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Comparisons of adjectives and adverbs

Урок 5. Английский язык 8 класс ФГОС

На примере диалога Джона, Майка и Доры за игрой в шахматы в этом уроке мы рассматриваем образование степеней сравнения прилагательных и наречий. После каждого теоретического блока в урок включены упражнения на первичное закрепление структур, а также имеется заключительное задание на проверку знаний.

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Конспект урока "Comparisons of adjectives and adverbs"

(John, Mike and Dora playing chess)

John: Yeah! You can’t beat me! I’m the best player!

Mike: I don't know if you are the best, but you are certainly the noisiest!

John: Hey! I’ve got a good technique! I think faster and I have a better memory than you! I plan my moves more carefully and I play more seriously than anyone! What can I do? I’m the smartest person here!

Mike: I’ve finished first! Sorry, mate. I win!

John: That’s not fair!

Dora: You’re the worst looser in the world, John!

To start with, let’s review what John said:

I think faster and I have a better memory than you!

I plan my moves more carefully and I play more seriously than anyone!

These sentences are all called comparatives because they are used to compare the qualities of different objects.

To begin with, we will look at the adjectives in comparative sentences.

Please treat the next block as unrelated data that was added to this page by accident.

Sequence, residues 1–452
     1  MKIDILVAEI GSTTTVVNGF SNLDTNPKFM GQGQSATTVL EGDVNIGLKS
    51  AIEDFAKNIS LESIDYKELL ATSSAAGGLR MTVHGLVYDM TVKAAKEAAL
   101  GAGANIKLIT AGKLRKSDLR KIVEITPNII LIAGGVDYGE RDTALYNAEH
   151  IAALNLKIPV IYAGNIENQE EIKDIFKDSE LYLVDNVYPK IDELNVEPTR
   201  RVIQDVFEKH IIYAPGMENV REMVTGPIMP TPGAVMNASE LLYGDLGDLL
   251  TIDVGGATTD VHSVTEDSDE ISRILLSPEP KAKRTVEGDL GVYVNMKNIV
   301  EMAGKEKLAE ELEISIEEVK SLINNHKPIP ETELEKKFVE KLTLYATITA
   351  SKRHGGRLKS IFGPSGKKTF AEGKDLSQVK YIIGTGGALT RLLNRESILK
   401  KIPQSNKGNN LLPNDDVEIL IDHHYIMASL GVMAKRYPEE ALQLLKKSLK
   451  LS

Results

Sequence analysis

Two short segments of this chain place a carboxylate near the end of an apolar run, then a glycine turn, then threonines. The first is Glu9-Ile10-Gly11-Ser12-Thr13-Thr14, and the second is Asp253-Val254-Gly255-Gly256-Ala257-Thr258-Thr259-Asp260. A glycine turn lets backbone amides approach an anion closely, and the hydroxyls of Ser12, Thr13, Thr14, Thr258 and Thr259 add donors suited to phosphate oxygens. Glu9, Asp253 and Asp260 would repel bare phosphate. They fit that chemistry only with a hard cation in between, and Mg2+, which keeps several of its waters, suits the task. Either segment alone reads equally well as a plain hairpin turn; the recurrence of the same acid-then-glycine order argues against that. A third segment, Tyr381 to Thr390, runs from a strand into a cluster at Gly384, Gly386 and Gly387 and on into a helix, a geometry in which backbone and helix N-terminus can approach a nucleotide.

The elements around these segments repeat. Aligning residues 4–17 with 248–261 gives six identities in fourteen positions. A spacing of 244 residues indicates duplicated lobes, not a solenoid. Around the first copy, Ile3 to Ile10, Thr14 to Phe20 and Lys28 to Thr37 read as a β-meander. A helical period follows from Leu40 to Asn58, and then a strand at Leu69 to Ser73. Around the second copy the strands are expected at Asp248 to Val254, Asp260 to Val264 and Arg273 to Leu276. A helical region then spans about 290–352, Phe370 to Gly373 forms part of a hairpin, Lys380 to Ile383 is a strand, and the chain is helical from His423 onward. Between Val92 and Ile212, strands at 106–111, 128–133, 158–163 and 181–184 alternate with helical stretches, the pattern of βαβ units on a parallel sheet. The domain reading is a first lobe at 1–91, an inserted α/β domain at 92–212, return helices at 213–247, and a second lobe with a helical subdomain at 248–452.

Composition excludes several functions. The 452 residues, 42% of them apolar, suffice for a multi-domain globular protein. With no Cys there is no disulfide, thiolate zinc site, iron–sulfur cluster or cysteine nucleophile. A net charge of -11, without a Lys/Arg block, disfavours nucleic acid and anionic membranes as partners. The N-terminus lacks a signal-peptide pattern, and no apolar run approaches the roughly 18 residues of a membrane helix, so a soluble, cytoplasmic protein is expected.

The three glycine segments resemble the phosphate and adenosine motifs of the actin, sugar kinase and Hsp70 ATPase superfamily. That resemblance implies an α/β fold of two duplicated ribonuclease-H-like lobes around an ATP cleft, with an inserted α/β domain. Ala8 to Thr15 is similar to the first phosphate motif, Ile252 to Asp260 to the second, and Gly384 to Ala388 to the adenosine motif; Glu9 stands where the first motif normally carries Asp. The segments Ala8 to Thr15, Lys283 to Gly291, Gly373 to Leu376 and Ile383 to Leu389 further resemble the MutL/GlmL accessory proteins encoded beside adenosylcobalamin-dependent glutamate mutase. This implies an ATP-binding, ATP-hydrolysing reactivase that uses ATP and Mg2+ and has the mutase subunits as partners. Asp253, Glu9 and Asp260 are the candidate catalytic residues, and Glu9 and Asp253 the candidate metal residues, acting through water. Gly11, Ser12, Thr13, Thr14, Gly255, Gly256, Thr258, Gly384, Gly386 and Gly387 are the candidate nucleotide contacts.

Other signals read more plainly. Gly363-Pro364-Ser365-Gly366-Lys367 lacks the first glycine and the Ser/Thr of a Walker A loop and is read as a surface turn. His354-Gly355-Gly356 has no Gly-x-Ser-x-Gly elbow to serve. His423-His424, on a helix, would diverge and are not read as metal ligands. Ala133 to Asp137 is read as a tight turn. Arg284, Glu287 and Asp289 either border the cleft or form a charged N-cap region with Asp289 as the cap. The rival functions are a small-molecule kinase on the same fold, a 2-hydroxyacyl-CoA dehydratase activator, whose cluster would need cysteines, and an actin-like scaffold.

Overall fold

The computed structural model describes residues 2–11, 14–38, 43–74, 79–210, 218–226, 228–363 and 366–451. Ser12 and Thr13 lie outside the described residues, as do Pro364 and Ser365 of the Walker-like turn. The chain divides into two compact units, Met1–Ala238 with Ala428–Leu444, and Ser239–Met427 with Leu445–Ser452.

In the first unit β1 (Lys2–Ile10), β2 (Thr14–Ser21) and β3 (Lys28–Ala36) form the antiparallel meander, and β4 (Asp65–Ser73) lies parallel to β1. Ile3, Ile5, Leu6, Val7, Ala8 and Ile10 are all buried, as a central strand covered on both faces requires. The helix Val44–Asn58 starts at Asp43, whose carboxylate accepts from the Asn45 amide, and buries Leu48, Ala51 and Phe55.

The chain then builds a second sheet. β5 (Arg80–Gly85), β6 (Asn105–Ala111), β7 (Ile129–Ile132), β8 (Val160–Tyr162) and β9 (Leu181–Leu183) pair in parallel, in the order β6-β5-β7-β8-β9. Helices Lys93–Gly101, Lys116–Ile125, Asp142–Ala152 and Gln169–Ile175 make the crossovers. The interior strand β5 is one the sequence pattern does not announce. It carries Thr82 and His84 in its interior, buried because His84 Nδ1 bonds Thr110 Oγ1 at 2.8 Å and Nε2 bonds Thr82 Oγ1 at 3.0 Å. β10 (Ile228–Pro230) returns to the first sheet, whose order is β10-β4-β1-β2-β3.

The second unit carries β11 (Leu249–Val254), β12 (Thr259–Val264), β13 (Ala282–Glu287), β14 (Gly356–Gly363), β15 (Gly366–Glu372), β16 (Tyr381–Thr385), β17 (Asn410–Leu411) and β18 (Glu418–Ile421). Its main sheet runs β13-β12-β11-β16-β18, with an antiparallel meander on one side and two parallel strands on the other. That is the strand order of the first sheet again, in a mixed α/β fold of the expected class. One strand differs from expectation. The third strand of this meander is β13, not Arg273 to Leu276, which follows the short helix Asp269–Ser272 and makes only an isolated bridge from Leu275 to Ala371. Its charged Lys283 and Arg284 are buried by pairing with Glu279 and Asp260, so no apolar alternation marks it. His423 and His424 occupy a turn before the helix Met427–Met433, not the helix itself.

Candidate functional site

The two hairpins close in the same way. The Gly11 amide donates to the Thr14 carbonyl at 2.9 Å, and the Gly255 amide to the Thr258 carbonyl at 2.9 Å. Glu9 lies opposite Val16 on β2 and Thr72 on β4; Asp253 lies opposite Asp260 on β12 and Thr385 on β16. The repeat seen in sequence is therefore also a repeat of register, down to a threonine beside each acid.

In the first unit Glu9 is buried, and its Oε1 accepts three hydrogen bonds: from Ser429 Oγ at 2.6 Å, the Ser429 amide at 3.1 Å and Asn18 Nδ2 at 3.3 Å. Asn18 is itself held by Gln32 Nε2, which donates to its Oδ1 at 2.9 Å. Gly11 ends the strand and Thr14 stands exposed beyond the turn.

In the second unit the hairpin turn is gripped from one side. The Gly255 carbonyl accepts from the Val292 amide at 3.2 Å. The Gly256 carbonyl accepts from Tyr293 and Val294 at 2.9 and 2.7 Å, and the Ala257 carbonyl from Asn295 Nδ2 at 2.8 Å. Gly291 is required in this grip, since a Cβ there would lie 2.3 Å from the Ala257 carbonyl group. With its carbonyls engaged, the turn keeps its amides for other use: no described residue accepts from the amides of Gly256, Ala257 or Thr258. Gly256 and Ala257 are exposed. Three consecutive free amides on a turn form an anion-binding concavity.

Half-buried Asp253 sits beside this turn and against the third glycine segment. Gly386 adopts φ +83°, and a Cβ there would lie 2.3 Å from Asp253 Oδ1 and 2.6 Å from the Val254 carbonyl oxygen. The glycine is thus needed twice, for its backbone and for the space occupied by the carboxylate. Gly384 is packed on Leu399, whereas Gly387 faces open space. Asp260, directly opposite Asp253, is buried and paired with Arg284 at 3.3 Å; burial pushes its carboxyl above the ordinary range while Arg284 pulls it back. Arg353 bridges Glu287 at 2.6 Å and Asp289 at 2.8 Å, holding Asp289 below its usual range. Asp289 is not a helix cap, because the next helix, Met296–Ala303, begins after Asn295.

There are four different kinds of adjectives:

one-syllable adjectives: smart/mean/strong/cold

two-syllable adjectives: happy/noisy/shallow

adjectives of more than two syllables: wonderful/exciting/intelligent

and finally – irregular adjectives good / bad / much / many

Formation

Adjectives of one-syllable and two-syllable adjectives ending in –y, -ly, -w add

·        -(e)r to the adjective plus than plus clause (object pronoun).

For example:

Mike is smart. John isn’t so smart.

So the comparative sentence would look like this:

Mike is smarter (than John.)

For adjectives of two or more syllables use:

·        more/less plus adjective plus than plus a clause /object pronoun. The object pronouns are me/you/him/her/it/us/them.

For example:

Mike is interested in computer games. John isn’t interested in computer games.

So the comparative sentence would look like this:

Mike is more interested in computer games than John.

Spelling

So it’s time to focus on the spelling of the adjectives.

Here are some more examples of one-syllable adjectives:

Pay attention to the words hot, wet and big. When a word ends with a single vowel and a single consonant, double the consonant when adding –er.

When a word ends with “y”, it changes to an “i” when adding –er: dry – drier.

When a word ends in “e”, it is deleted when adding –er: nice-nicer.

Here are few more examples of two-syllable adjectives ending in –y:

happy – happier

furry – furrier

early – earlier

heavy – heavier

busy – busier

easy – easier

pretty – prettier

ugly – uglier

fancy – fancier, etc.

And finally, here is the list of irregular comparatives:

good – better

bad- worse

much/many/a lot – more

little – less

far – further/farther

farther means longer (in distance), while further is used both to indicate distance and means more/in addition. If you’re not sure about what to choose, use further.

It’s time to practice the rule:

Join the following sentences to create a comparative sentence using:

For example:

The Eiffel Tower is 301 meters tall. Big Ben is 15 meters tall.

First, find the adjective (Step 1)

Then (Step 2) Write the sentence.

The Eiffel Tower is taller than Big Ben (is).

This song isn’t very relaxing. That song is relaxing.

This song is more relaxing than that song. or That song is less relaxing than that song.

So here we have three more questions:

1.     It is 35 degrees in Sochi today.